Using you tandoor oven…
Outdoor, charcoal burning tandoor ovens are becoming very popular. They are about the same price as a good gas barbecue and also a lot of fun. I use mine all the time.
The recipes in my cookbook ‘The Curry Guy BBQ’ are written mainly for barbecue and campfire cooking but many of the recipes can also be done in a tandoor oven.
Following is a bit of information you might need if you want to give tandoor cooking a try.
Commercial tandoor ovens are made with clay that is well insulated. The internal temperatures can reach in excess of 485c/900f. As the fire burns at the bottom, the clay oven walls heat up and radiate that heat into the oven.
Getting your tandoor started
Check out this video where I fire my tandoor for the first time…
How much charcoal you need will be down to the size of your tandoor. I have a BabaClay tandoor and use a couple of fire starters and about 1 ½ kg of lump wood or 1 kg of charcoal briquettes to get things started but you might need more or less. Experiment or refer to your users’ manual if you have one.
Open both the bottom and top vents completely and light your fire in the back of the oven as far from the open front vent as possible.
Once you have a good fire going, add another 2kg of lump wood or about 6 more briquettes and spread it out some. Briquettes burn slower and longer but lump wood achieves a higher heat faster.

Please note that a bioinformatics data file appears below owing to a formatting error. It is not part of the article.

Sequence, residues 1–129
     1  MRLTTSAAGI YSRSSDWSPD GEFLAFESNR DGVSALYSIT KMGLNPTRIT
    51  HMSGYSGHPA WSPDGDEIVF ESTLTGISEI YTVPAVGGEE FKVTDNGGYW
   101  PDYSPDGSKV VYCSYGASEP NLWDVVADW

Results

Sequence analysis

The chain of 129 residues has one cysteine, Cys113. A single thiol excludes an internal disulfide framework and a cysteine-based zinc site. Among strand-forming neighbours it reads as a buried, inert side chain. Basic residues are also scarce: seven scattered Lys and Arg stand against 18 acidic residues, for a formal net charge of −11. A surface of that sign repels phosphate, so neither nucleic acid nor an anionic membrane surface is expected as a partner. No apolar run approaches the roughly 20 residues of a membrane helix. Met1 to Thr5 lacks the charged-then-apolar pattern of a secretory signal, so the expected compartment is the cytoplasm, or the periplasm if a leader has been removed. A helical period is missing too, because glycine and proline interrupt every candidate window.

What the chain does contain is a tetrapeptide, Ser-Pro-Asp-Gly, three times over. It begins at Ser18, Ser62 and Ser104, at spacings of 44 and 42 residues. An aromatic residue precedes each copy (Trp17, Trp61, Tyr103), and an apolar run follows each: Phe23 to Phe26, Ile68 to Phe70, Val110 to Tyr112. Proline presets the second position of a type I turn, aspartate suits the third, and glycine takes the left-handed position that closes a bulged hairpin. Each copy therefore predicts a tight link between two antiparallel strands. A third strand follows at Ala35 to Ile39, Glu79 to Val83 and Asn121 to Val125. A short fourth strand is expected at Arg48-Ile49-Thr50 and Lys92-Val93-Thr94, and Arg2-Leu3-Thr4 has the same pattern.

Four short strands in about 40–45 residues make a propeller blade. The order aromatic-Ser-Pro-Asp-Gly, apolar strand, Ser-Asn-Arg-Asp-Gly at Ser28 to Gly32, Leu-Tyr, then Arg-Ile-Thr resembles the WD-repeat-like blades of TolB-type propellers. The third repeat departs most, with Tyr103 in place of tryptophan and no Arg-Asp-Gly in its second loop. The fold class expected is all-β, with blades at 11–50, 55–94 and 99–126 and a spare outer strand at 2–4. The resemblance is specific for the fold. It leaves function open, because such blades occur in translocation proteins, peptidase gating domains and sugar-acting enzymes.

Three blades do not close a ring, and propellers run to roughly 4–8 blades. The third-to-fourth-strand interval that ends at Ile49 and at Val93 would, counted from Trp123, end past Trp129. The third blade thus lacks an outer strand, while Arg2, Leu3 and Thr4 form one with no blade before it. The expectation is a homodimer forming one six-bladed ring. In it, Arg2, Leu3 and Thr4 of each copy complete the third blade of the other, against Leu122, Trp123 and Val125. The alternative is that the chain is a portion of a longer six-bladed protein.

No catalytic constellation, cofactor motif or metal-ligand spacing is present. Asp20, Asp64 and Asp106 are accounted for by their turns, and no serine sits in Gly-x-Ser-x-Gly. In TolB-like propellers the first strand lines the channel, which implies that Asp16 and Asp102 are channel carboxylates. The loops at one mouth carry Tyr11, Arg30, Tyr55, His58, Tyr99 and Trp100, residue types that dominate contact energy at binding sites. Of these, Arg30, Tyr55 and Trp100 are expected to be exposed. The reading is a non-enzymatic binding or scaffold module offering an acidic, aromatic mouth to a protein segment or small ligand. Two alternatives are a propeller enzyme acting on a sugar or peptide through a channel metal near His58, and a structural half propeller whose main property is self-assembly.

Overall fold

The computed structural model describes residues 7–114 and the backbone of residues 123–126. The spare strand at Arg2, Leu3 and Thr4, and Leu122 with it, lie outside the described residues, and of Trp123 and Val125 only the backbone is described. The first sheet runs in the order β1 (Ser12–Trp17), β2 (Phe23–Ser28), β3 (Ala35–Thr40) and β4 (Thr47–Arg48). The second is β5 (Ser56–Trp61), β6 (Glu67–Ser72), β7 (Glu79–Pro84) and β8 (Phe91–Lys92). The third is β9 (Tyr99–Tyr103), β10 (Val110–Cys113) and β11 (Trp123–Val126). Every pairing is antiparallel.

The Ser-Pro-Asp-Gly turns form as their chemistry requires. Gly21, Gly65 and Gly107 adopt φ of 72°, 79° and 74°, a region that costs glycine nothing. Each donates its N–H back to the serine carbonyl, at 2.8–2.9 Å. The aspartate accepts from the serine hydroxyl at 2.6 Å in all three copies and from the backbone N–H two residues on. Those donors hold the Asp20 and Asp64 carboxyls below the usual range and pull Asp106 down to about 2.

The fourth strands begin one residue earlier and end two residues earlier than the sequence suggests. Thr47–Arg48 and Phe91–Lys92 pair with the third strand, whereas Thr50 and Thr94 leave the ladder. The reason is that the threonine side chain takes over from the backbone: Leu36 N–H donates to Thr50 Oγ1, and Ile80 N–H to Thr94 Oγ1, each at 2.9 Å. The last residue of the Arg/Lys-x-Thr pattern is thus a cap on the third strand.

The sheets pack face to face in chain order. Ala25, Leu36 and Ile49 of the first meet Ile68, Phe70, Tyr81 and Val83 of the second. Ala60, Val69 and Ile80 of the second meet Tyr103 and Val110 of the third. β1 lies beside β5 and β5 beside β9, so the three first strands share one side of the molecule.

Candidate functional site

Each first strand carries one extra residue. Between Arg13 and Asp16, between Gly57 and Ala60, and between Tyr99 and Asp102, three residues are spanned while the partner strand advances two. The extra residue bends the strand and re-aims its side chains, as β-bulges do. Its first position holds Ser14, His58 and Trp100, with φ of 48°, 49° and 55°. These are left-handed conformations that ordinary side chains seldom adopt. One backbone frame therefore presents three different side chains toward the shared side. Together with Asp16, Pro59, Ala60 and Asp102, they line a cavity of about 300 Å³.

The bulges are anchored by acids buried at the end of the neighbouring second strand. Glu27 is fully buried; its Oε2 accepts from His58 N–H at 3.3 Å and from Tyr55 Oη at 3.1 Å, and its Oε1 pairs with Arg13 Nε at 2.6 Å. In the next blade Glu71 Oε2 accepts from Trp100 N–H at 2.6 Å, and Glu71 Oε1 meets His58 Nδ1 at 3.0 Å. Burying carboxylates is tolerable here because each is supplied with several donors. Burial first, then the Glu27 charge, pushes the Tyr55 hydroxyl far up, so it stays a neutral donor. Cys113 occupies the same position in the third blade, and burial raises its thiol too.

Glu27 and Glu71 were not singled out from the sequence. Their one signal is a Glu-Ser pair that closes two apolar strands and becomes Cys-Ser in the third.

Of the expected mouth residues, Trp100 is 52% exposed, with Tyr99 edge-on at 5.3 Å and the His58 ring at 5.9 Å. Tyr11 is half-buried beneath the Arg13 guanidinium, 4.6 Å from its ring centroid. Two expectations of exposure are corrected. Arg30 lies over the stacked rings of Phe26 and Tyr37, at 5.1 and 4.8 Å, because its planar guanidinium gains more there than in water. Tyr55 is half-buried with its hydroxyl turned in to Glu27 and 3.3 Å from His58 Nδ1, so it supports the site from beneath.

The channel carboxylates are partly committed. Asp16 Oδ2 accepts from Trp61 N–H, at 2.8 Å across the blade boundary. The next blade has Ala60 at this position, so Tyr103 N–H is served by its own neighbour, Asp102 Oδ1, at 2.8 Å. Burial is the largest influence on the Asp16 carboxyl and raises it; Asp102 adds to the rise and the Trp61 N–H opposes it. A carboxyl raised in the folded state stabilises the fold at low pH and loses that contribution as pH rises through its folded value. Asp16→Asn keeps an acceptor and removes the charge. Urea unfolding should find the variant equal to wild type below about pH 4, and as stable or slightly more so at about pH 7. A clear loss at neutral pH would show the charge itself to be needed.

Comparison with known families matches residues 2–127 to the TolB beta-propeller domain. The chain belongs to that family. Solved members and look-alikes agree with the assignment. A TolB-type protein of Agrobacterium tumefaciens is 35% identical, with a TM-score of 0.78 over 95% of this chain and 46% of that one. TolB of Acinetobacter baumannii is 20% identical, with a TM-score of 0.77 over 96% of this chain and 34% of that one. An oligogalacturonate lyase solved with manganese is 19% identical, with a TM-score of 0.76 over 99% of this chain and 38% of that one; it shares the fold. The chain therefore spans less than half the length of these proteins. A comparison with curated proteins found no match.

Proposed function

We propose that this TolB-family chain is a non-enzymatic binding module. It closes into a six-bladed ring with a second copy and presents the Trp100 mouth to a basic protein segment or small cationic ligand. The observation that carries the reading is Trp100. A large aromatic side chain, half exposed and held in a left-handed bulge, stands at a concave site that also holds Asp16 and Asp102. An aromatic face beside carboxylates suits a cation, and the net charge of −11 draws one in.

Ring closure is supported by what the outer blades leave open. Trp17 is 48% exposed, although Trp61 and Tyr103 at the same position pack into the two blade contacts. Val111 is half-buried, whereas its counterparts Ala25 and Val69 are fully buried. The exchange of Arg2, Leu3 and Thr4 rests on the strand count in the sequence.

After about 20 minutes, the tandoor should begin to heat up. Place the lid over the top so that it is about ¾ covered and close the bottom vent by 2/3 and allow to heat up for about 45 minutes. By this time, your tandoor walls should be hot and radiating heat.
Adjusting and maintaining tandoor temperature
I use a laser thermometer and highly recommend getting one if you want to cook in a tandoor. To check the heat, aim the laser at the wall of the oven. Add more fuel as required to heat it up or close the vents for a few minutes to cool it down. Not too long though!
Tandoor Cooking Temperatures
Naans and tandoori roti:
This is a difficult one as the required temperature really is down to the size of your the make and size of your tandoor oven. I have a large indoor temperature and need to get the walls between 300 and 330c. If the temperature is below 300c they tend to fall off. Over 330c and the burn too quickly.
My smaller outdoor tandoor can cook naans at about 250c. This really is a trial and error thing! You’ll get there in the end.
Skewered meat, seafood, vegetables and paneer
Cooking other items like meat, seafood, vegetables and paneer can be amazing in a tandoor. I have prepared a couple of videos here for you featuring recipes from my cookbook.
If you are having trouble getting tandoor cooking down, feel free to reach out by leaving a comment. I’ll do all I can to help.